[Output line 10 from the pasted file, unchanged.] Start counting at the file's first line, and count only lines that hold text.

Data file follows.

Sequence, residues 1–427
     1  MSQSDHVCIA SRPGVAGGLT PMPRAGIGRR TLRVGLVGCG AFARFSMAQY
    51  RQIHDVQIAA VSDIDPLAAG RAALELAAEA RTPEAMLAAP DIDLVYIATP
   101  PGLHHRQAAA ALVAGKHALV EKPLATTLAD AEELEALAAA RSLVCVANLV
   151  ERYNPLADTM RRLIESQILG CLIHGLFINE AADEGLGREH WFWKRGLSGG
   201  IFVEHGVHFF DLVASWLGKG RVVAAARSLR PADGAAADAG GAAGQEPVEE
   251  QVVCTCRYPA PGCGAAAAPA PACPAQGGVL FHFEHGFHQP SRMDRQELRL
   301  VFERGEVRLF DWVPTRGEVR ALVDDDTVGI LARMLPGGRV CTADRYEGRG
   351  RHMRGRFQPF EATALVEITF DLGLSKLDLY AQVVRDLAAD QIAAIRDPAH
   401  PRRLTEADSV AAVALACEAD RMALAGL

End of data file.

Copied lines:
   401  PRRLTEADSV AAVALACEAD RMALAGL